- The Washington Times - Sunday, May 3, 2009

Simeon Varlamov followed one of the worst goals he has allowed in his brief NHL career with one of the best saves he’s ever going to make.

Varlamov stopped 34 shots Saturday at Verizon Center, and none was more important than his sprawling stick save on Sidney Crosby late in the second period of the Washington Capitals’ 3-2 victory against the Pittsburgh Penguins in Game 1 of their Eastern Conference semifinal series.

“I’m sure he’s the first one to tell you he let in a soft one tonight, but the way he responded was tremendous,” Caps center David Steckel said. “That save he made in the second period turned the momentum back around because they were giving it to us. It was vital for us.”

Added Varlamov through an interpreter: “There was no other option left to me - I just had to play it with my stick. There was nothing else I could do. If he put the puck anywhere else, it would be in the net, so I guess it was lucky.”

Tomas Fleischmann broke a 2-2 tie 1:46 into the final period with his first goal since Game 1 of the previous series. Alexander Semin sent a slap pass to Nicklas Backstrom on the left wing, and he was able to feed Fleischmann near the right post past a diving Sergei Gonchar.

Fleischmann flipped his shot off Marc-Andre Fleury’s left shoulder and into the net.

“The puck didn’t stay [flat] really well, so I had to just chip it over him like a golf shot,” Fleischmann said.

Penguins defenseman Mark Eaton had tied the score at 2-2 with a shot from the left point 12:54 into the second period. It was a rare easy goal allowed by Varlamov; the puck was not redirected and just squeezed under his left arm.

“That goal was just my mistake. That’s all,” Varlamov said. “Games like this, you shouldn’t be hard on yourself. Even after you allow a softie, you don’t have the right to be upset too much.”

The 21-year-old rookie made up for it later in the period. Crosby appeared to have a sure goal when he tapped a pass from Chris Kunitz along the ice toward the net, but Varlamov was dove back and knocked the puck away with the heel of his stick.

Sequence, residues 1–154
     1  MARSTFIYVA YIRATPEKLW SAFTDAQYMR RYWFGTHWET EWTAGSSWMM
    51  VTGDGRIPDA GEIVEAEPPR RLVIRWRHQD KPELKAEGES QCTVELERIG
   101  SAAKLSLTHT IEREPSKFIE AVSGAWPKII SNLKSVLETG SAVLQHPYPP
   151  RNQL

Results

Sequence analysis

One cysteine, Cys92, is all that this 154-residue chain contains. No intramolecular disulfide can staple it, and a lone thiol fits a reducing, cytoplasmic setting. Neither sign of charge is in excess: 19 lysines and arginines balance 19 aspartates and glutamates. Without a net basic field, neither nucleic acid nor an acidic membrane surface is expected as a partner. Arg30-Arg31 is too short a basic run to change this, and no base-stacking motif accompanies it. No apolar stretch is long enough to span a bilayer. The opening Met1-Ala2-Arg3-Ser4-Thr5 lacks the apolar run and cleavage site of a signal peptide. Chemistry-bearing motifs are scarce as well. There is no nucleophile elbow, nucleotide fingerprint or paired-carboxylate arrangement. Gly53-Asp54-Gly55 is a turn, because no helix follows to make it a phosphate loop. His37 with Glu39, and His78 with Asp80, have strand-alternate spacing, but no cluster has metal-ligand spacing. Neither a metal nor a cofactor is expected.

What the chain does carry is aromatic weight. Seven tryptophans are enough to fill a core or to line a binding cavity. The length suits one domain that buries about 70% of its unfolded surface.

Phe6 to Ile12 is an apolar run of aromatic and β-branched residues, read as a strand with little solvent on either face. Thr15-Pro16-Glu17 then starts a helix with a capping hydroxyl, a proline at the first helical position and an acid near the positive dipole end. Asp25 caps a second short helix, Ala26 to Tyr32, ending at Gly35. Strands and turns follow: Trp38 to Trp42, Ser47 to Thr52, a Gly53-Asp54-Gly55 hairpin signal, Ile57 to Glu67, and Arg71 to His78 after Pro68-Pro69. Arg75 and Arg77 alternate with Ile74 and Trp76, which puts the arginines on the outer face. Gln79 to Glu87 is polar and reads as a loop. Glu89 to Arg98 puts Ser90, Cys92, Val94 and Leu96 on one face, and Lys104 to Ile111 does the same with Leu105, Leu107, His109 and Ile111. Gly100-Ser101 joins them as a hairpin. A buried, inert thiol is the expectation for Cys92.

“You have an open net like that, you want to take advantage of it,” Crosby said. “We ended up losing the game 3-2, so you look back and say, ‘What if?’ But the fact is, that happens in the game. As a player, you have to forget quickly.”

Crosby netted the first goal of the series 4:09 into the opening period. He took a pass from Bill Guerin and cut between Brian Pothier and Alexander Semin before snapping a wrist shot past Varlamov.

Steckel potted his first of the playoffs to even the score at 13:50. Matt Bradley sent the puck toward the net from a sharp angle along the right boards, and Steckel put home the rebound as he crashed into Fleury.

Alex Ovechkin gave the Caps the lead after a beautiful slap pass from Semin at 17:03 of the first. With Washington on a two-man advantage, Semin drew Fleury from his crease by winding up at the top of the offensive zone and then connected with Ovechkin in the left circle for a shot into a wide-open net. It was Ovechkin’s fourth goal of the playoffs.

“It was a pretty cool play,” Ovechkin said. “I was shocked he gave me the puck, and I almost missed the net.”

But the theme of this contest was Varlamov. He won his fourth straight start; a win in Game 2 would set a franchise playoff record. This was the most rubber that the Samara, Russia, native has faced in seven postseason starts, and the stick theft on Crosby wasn’t his only big stop; he denied the Penguins on several odd-man rushes.

Varlamov still leads all goaltenders this postseason with a 1.29 goals-against average, and his .950 save percentage is one-hundredth of a point from the top spot. His ability to bounce back from a bad goal and prevail in a tight contest was still in question before Saturday’s matinee, but he provided a strong answer.

“The first goal could have rattled a 21-year-old goalie, and the second goal could have killed a 21-year-old goalie, but this is the playoffs,” Varlamov said. “You can’t dwell on your mistakes. You have to forget them quickly.”

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